Poor Clare Colettine Nuns of Rockford, Illinois | St. Kinga
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St. Kinga

Born: 1224
Died: July 24th, 1292, Sandec, Poland
Patron Saint of: Poland, Lithuania, Salt Mines
Known For: her special patronage of the Polish people
Fun Fact: her family was filled with saints! Her aunts included Sts. Elizabeth of Hungary, Hedwig, and Agnes of Prague. Her biological sisters were St. Margaret and Bl. Jolenta, and Sts. Elizabeth of Portugal and Salome were her cousins.

“Hail, Queen of Heaven, Mother of the King of Angels!” As a little baby, St. Kinga was heard uttering these words. When most children can barely say “Mama” and “Dada,” Princess Kinga, daughter of the King of Hungary, was praising Our Lady. Such a spiritually precocious beginning probably led her to imitate our Blessed Mother by consecrating her virginity to God. When she married  Duke Boleslaus, who would eventually become King Boleslaus the Chaste of Poland, she convinced him to do the same. Thus their married love bore a special resemblance to that of Mary and Joseph.

Kinga proved herself a queen after the heart of the Queen of Heaven. She raised and mentored her sister Bl. Jolenta and was deeply involved in nationwide cultural and humanitarian concerns. She had a hand in the publication of the first book in the Polish language. She also became the patroness of salt mines because during her reign, Poland experienced a scarcity of one of their main industrial products, salt. After her fervent prayers, rich salt mines were discovered and the industry revitalized to a hitherto unprecedented level.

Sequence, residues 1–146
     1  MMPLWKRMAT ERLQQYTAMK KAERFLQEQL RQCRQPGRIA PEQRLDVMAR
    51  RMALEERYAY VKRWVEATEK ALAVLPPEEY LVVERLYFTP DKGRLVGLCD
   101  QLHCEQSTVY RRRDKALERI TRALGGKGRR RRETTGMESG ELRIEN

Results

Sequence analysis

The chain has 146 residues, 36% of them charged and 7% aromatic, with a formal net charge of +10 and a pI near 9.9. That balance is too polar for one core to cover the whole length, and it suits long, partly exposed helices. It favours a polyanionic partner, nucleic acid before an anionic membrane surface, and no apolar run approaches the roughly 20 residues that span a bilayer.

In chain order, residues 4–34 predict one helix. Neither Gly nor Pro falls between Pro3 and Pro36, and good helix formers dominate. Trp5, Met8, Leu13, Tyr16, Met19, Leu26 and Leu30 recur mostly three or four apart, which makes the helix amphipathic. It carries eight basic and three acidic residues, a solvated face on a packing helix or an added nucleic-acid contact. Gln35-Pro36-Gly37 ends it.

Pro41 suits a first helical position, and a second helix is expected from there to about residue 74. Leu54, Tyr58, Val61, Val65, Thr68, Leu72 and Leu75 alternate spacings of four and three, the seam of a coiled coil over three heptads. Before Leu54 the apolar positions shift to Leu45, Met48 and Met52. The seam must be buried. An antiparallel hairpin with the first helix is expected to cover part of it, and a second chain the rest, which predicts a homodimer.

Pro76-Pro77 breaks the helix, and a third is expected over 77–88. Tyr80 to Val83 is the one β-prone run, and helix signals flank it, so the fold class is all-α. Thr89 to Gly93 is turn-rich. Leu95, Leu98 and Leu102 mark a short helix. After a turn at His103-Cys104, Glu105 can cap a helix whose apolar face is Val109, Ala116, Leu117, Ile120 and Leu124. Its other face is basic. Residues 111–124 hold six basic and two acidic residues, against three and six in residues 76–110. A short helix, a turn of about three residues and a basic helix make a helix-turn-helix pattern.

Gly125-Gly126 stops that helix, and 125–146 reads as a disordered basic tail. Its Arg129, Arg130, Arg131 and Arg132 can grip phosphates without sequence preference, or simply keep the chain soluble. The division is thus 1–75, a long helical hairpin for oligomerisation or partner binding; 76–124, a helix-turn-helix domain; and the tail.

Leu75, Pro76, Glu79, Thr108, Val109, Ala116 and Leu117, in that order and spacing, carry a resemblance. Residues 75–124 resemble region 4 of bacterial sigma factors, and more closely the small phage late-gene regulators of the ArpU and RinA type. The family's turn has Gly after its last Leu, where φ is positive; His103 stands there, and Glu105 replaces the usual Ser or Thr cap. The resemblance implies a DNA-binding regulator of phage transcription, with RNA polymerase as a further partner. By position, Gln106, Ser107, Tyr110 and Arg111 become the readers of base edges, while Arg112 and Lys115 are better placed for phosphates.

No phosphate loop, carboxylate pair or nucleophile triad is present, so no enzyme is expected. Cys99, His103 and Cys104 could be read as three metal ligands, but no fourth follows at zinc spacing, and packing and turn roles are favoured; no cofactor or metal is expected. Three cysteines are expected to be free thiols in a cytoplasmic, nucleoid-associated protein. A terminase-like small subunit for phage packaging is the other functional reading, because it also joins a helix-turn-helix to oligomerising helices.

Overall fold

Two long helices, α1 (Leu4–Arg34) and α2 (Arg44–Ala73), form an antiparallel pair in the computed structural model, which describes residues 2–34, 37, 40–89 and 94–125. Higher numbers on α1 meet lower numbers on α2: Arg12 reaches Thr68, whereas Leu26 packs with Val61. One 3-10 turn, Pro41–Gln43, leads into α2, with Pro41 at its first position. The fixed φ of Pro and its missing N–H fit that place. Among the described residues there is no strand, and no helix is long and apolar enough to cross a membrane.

Upon her husband’s death, she entered the Poor Clare monastery in Sandec which she and King Boleslaus had founded. There she lived for 13 years, laboring at tasks outwardly insignificant but in the eyes of God no less great than the monumental projects she had carried out as queen. Like St. Clare, she too warded off invaders: the nuns had to evacuate the monastery due to a Tartar invasion, but their hiding place was discovered. Kinga, full of the spirit of faith, prayed boldly. At this the Tartars were scattered by some invisible force and the sisters were safe.

After serving as a humble and loving abbess, she died in 1292. One of the last things she said to her community as they prayed around her deathbed was, “Make room, do you not see our Father [St.] Francis coming to assist me?” Early biographers attest that after her death, almost 100 corpses were miraculously resuscitated at her tomb.

St. Kinga was canonized on June 16th, 1999, by a very excited Pope St. John Paul II.

Sources

 Marion A. Habig, O.F.M., “Blessed Kinga (Cunegunda).” The Franciscan Book of Saints.  Ed. Marion A. Habig, O.F.M. Chicago: Franciscan Herald Press, 1959.  526-527.